Councilman Boykin wasn’t finished, he called for a new beginning:
“It is time for a new beginning with the hospital. I ask the hospital to immediately meet with us to address pressing community concerns. I look forward to working with the hospital to provide the residents of White Plains with public access to the beautiful property for passive as well as leisure and active recreational uses.”
Hospital officials, appearing stunned, and not quite knowing how to react to what appeared to be an unexpected victory in the opinion of those observing them, refused to comment on that statement after the meeting, other than issuing a preprinted statement, thanking the council for their approval.
MAYOR CALLS FOR A CENTRAL PARK: In his address to the Council Mayor Joseph Delfino remarked on the 25 years of hospital/city conflict, and called for finding a way to achieve finally a “Central Park for White Plains.”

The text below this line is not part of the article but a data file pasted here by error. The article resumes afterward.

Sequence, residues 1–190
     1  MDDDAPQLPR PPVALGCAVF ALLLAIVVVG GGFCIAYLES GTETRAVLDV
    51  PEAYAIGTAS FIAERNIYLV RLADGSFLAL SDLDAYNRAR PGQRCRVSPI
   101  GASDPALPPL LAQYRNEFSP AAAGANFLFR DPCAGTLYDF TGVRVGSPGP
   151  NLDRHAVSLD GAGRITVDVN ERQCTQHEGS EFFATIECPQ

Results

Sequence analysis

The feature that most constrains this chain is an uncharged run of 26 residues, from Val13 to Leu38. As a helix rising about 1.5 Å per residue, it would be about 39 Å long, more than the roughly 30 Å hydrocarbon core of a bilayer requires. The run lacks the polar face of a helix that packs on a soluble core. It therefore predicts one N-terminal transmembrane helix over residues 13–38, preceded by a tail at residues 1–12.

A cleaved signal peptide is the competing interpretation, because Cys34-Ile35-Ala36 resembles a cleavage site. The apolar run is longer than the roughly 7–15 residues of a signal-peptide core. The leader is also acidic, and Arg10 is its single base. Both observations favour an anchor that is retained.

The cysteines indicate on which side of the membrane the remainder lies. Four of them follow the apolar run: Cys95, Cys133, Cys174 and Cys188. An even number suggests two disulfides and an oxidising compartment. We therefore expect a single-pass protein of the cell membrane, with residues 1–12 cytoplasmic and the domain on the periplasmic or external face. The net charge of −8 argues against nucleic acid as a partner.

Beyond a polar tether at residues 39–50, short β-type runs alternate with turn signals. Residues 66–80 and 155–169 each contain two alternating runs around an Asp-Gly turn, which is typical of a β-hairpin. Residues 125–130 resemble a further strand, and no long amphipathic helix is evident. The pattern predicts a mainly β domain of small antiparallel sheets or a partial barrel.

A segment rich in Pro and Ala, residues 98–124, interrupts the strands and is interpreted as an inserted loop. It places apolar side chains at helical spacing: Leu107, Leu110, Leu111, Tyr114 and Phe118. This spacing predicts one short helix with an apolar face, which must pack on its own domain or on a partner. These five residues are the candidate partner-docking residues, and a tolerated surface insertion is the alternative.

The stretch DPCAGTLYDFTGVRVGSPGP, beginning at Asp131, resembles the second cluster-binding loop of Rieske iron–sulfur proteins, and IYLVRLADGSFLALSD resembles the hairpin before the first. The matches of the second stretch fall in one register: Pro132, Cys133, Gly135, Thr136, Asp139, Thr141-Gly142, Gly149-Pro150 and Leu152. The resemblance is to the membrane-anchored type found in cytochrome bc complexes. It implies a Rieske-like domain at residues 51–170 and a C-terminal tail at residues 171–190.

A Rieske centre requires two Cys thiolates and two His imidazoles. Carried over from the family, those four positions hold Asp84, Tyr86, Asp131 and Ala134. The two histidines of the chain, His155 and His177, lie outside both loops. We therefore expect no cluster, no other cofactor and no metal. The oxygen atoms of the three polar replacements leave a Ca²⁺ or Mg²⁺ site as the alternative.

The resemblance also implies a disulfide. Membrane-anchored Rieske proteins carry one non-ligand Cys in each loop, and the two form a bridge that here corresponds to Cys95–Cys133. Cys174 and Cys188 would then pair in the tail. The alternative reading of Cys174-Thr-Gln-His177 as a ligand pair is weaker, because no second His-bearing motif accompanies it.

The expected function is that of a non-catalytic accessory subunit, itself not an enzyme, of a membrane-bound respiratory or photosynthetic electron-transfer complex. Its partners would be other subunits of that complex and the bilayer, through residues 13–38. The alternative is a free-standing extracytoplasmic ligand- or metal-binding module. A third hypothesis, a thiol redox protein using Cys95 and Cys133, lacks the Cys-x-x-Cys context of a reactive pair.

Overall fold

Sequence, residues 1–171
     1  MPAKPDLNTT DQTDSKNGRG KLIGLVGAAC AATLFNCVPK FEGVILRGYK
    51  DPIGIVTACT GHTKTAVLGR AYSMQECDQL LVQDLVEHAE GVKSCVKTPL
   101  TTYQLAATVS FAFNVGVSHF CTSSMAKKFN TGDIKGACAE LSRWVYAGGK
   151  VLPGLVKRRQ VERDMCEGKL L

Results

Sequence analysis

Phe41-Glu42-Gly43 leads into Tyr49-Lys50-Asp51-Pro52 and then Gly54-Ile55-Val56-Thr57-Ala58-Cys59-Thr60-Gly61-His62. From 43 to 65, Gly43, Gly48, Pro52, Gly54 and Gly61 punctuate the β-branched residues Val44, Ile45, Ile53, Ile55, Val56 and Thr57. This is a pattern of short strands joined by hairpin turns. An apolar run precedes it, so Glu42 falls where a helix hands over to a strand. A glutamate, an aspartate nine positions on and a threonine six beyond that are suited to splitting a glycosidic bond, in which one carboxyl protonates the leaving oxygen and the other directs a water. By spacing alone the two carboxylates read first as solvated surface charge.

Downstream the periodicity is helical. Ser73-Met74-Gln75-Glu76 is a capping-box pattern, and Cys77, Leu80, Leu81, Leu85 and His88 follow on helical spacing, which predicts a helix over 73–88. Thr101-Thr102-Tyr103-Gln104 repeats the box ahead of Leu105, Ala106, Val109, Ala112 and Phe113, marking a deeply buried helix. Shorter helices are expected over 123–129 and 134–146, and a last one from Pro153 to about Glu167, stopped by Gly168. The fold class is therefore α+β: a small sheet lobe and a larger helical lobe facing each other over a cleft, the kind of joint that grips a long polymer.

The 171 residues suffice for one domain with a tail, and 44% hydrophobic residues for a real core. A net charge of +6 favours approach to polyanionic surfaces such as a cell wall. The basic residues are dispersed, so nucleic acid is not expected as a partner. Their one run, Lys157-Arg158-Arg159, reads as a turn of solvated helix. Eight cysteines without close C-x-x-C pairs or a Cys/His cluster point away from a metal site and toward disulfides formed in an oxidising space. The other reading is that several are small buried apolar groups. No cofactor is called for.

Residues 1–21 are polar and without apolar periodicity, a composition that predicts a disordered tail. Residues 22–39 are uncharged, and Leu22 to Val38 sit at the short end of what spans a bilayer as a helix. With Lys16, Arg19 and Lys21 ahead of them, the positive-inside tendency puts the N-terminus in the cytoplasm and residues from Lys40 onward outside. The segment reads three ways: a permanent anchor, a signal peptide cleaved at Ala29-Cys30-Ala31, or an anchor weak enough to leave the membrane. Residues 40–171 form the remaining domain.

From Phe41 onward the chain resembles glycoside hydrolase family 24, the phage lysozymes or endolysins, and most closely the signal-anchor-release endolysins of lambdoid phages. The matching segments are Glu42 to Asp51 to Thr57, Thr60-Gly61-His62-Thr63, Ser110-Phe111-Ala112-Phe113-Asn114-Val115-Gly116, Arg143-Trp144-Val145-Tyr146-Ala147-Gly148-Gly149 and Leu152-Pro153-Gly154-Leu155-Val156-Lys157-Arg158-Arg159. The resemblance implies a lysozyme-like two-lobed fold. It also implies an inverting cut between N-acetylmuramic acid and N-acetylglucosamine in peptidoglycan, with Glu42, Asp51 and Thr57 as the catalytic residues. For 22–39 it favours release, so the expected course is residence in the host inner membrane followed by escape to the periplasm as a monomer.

Photo by WPCNR
The Mayor, his sixth vote no longer an issue, placed a benediction on the historic evening, as fitting and uplifting in this reporter’s opinion as Calvary Baptist Church’s Reverend Lester Cousins’ rousing singing of a psalm to open the Council meeting seven hours before:
The Mayor remarked on how the council had reached the evening’s predicament, chiding opposition forces for rejecting Plan A, that would have provided 60 acres of free park land, and Plan B, calling for massive development of buildings on the property two years and 19 days before.
He was not satisfied with the proposal before him: “What we have here is Plan B. It has a number of great benefits…it’s about saving the lives of our citizens.”
Mayor Says Cancer Facility is Needed Citing Deaths from the Disease.